ON February 9, I travelled by rail to Worcestershire to visit my daughter and grandchildren for the weekend.

I am single, in my mid 80s and registered visually impaired. As is my usual practice I noted down the fare together with train times, changes and arrival and leaving times along with platform numbers for the changes.

I arrived at Bank Quay station about 10 minutes before the train to find the ticket office closed.

The only access to a ticket was via a machine which I cannot use because of my disability. There was no one around to provide assistance.

Remembering what was said in the ‘consultation process’ about this allowing staff to provide a better service at platforms, I made my way to platform two to seek assistance. None was to be found.

I walked up and down half the platform looking without success. I even asked in the refreshment room how I could get a ticket to be told that I could go to the mess room on platform three to ask.

By now, the train was due in two minutes. Two station staff did appear on platform three to advise passengers to stand well back as the train due to pass would not be stopping, but when the train had gone, so had the staff.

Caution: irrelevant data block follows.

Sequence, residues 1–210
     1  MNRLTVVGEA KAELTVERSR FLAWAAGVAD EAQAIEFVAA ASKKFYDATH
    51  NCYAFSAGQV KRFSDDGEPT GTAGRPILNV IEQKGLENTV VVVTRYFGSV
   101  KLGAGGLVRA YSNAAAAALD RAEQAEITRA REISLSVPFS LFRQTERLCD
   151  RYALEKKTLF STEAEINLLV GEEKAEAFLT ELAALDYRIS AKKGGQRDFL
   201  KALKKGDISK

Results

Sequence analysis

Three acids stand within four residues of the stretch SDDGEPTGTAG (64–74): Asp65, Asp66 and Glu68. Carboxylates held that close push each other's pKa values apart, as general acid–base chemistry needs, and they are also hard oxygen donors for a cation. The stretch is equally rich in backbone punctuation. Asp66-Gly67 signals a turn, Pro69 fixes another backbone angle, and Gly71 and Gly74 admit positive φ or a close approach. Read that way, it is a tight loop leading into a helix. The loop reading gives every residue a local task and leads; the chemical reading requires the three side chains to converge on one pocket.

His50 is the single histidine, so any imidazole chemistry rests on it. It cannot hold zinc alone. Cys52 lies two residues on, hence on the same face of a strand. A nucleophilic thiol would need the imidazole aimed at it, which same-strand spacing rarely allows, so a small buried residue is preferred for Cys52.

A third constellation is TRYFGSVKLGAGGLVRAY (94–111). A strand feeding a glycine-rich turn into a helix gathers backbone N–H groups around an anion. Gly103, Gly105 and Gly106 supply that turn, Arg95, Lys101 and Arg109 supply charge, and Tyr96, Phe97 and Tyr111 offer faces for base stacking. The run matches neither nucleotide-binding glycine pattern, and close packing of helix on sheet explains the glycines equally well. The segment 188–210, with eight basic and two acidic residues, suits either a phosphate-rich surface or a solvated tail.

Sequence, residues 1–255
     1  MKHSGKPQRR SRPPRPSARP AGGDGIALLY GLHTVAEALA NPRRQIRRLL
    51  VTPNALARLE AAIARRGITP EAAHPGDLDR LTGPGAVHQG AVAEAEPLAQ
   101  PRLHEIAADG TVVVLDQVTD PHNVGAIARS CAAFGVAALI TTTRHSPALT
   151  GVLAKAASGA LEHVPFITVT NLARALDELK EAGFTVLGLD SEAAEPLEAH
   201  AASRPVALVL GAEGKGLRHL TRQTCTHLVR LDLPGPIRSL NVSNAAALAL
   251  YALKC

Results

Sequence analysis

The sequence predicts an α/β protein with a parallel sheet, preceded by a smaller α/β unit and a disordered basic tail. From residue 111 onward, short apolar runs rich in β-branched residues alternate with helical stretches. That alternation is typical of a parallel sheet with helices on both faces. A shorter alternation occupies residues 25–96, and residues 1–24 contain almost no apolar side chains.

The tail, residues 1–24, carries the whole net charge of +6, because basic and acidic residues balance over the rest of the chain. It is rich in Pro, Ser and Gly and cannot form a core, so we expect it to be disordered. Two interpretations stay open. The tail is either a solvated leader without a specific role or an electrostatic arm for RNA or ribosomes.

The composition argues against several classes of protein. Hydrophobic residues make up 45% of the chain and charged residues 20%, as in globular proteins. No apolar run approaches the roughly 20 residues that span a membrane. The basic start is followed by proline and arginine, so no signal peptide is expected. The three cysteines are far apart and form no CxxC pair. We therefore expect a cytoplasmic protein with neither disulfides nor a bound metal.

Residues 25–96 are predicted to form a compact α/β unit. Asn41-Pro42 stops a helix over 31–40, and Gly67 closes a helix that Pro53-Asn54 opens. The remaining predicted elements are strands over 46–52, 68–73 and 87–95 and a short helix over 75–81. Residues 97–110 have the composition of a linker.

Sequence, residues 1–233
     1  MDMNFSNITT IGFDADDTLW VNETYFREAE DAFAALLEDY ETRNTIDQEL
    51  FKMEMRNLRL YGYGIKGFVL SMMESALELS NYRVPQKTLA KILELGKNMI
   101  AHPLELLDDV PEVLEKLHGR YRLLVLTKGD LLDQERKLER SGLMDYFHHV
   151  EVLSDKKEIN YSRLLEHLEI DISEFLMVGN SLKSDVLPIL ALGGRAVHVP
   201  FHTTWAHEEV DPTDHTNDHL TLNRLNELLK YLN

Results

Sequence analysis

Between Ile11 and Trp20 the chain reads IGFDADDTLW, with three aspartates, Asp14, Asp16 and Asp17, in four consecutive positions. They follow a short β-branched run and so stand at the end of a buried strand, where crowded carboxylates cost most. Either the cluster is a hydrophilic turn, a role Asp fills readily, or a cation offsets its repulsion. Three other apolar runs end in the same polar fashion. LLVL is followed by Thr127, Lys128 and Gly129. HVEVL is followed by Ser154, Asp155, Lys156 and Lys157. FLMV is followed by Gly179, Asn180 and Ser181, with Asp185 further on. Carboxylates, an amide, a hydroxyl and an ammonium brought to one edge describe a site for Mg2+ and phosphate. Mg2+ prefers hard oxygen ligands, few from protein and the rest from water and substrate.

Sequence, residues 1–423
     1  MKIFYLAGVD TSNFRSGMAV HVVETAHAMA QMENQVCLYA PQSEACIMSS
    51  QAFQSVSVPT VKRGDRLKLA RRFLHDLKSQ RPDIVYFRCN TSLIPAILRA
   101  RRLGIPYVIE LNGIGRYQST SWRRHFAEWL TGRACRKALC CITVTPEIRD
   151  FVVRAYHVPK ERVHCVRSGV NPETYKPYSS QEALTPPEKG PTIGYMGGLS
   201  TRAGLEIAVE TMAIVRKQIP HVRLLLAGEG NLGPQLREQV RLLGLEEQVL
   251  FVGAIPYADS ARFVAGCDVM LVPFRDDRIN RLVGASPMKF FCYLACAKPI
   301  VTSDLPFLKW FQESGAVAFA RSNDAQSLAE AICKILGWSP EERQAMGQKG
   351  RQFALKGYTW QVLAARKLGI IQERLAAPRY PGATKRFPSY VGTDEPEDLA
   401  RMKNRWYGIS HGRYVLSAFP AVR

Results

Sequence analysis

Eventually, a member of staff arrived at the same time as the train was stopping. I asked him to be told that I would have to book with the train guard. I therefore boarded without ticket.

No guard appeared to my seat, and at somewhere between Crewe and Stafford, the train came to a grinding halt and a speaker announcement told us that we would be going back to Crewe to await further instruction.

We trundled slowly back to Crewe, where a speaker announcement advised that the train was to be rerouted, missing out Wolverhampton, Dudley, Birmingham New Street and Birmingham International.

As I could see no way of getting a connection to Worcester missing these, I was now stranded at Crewe, without any information and without a ticket.

I eventually found a member of staff who said there was a train to New Street from platform four and could he see my ticket.

Explaining that I did not have one, he took me to a desk where I was sold one for trains to get me to my destination one whole hour after I should have been there.

The irony of this is that had I bought the ticket at Bank Quay and got to my destination a whole hour late, I could have claimed a full refund, but the ticket sold to me at Crewe does not permit this.

I listened to the spiel about how closing ticket offices would provide benefits, and now I know what they are – financial ones to the rail companies.

In April I will be travelling to Stratford-upon-Avon, and this will mean a journey via Birmingham, Warrington Bank Quay and Warrington Central to ensure that I have a ticket.

I am reliably informed that this is progress. Perhaps someone could explain all these advances.

Should that be the case, please no lecture on internet banking and smart phones as such are beyond my visual capabilities.